When it comes to “green living” people tend to point to organic foods as the way to go. I’ve never really been a big supporter of organic foods. For one thing, the name always made me laugh; as if plants and animals from modern industrialized farming were made of something besides organic materials? It’s a connotation that non-organic foods were just that, NOT organic, and synthetic. Obviously that’s pretty absurd. But aside from that, I always thought of organic foods as an alternative, not necessarily always better one than typical food, but with various tradeoffs. To me, if you wanted to be conscious of the environment and act sustainably, it was more important to buy local than buy organic. So I came across this great article from Scientific America (http://blogs.scientificamerican.com/science-sushi/2011/07/18/mythbusting-101-organic-farming-conventional-agriculture/) that really lays out the facts behind organic foods, and can help someone compare the tradeoffs associated with organic foods.
The author points out three key issues with organic foods, first being the use of pesticides. I think this is one of the biggest misconceptions about organic, and the reason I hear from most people about why they prefer organic foods. Truth is that organic farms do use pesticides, though they are often natural ones as opposed to synthetic ones. This is a good example of organic vs. modern not being an issue, but really coming down to individual farms. An organic farm might be using natural pesticides, but spraying more frequently and/or in high volumes. Additionally, just because a pesticide is natural it doesn’t mean it’s less toxic to you or the environment compared to synthetics. This illustrates why just being organic doesn’t make it better, and that you really have to check it out for yourself to see if it is better.
The first issues sort of leads into the second; the misconception that organic foods are better for you. This has always been something that I questioned. I had always believed that organics weren’t using pesticides, or at the very least not using modern ones that have become pretty successful at eliminating bacteria. So if you aren’t using these pesticides, you have a greater chance for contaminated foods right? Turns out that’s true, not in overwhelming numbers, but there is a greater instance of contamination among organic foods. Additionally, organic foods do not provide more nutrition than those from modern agriculture. So organics do not have the benefit of less pathogens, and they also don’t have added nutrients. Again this isn’t a knock on organics; it really just shows an even playing field between the two methods.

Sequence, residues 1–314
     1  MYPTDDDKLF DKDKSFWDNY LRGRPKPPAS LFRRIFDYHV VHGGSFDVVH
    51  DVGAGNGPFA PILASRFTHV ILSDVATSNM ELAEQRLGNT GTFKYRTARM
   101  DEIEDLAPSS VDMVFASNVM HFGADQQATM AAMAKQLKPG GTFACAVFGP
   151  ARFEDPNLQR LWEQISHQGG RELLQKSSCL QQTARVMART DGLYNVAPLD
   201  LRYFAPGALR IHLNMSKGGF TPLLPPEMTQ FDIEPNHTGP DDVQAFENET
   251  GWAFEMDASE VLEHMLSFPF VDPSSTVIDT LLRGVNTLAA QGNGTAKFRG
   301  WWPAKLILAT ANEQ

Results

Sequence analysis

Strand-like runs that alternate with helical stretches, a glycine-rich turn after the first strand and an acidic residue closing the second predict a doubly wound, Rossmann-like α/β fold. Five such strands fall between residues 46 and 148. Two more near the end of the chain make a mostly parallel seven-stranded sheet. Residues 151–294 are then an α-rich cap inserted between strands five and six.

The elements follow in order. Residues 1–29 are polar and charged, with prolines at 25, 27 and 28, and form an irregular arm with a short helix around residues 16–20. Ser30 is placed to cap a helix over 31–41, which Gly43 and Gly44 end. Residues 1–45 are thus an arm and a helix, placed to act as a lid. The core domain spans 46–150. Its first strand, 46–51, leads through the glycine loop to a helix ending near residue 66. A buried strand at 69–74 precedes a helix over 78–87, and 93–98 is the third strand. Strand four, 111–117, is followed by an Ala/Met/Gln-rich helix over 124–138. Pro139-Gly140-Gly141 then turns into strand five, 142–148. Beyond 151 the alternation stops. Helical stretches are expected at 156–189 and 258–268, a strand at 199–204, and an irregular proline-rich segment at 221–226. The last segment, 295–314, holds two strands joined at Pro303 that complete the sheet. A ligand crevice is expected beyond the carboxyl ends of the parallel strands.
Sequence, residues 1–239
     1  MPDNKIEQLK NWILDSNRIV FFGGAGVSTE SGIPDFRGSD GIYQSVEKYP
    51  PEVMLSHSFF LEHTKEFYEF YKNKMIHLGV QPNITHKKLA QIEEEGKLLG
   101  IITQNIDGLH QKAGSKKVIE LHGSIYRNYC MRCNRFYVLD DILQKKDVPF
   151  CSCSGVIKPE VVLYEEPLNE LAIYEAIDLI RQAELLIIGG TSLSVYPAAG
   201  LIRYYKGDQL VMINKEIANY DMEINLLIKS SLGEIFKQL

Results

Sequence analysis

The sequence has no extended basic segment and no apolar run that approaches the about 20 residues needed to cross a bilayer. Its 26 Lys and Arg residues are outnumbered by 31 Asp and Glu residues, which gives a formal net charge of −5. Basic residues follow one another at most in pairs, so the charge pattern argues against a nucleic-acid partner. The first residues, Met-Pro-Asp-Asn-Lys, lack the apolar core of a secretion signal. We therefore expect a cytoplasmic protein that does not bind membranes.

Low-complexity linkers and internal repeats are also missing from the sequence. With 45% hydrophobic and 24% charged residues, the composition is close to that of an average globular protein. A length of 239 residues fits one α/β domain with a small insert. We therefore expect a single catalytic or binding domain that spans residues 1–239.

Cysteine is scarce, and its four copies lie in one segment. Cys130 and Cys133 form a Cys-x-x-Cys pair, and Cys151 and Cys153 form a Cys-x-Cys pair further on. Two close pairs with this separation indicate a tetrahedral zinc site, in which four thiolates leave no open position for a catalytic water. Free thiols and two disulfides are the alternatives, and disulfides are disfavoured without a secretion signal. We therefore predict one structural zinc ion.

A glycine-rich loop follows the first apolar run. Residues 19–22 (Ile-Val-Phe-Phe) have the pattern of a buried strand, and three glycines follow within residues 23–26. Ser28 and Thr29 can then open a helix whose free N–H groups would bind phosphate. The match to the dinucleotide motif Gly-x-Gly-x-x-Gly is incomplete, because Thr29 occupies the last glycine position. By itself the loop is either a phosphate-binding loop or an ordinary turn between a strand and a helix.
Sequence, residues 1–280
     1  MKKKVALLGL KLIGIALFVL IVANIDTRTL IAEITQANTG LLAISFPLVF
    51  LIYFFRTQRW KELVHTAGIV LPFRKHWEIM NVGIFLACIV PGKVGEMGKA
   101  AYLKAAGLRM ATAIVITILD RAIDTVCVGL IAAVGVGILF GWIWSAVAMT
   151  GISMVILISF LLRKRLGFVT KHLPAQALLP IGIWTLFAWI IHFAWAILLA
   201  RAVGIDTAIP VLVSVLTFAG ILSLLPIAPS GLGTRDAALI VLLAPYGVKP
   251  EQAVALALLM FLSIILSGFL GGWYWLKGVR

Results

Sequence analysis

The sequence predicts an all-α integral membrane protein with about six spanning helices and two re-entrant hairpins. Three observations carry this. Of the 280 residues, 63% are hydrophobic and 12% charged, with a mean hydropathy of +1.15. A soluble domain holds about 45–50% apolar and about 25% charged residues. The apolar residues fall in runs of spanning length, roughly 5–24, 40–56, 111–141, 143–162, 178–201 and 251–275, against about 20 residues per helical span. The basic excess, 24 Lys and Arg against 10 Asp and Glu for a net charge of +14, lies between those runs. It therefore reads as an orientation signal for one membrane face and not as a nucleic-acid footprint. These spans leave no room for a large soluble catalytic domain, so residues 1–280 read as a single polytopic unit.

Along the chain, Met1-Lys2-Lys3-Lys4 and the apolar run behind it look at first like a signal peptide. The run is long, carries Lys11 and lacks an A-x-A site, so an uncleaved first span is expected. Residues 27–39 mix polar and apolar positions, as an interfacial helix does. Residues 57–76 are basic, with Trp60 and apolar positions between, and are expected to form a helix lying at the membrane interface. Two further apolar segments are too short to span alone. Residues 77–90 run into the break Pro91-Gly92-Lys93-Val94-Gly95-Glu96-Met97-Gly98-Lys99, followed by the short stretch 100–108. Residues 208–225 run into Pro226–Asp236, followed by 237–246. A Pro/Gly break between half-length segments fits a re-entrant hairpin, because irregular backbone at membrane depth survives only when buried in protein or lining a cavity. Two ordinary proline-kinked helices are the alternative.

Lastly the author points out that organic farming is not better for the environment. This is really a land use issue. If organics have a lower yield than modern farming techniques we need to disturb and convert more land into farms to grow our food supply. The lower yield is due to both the different pesticide treatments used, which may be less effective and also organic farming not using genetically modified crops. While I understand why some people are hesitant to eat genetically modified crops, the truth is we’ve been doing it for centuries by planting and cross breading the strongest crops to make better ones. That this is now being done in a lab shouldn’t make a difference.
So while I don’t buy into the hype that many people do over organic food, I think the author paints a realistic picture about the differences between organic and modern farming practices. I’ve eaten organic food, and it’s all well and good, but I don’t think I would ever pay more for it. And if you were buying it thinking you were doing a big favor for the environment, you probably need to investigate more to see just what is going on at the farm. Individual farm practices really determine what the benefits of crops or livestock are which is again why buying locally is the best option. When buying locally you can ask the person at the produce stand what methods were used and weigh the benefits for yourself. Not to mention local farms mean less transportation of the food, which means less greenhouse gas emissions; always a good thing!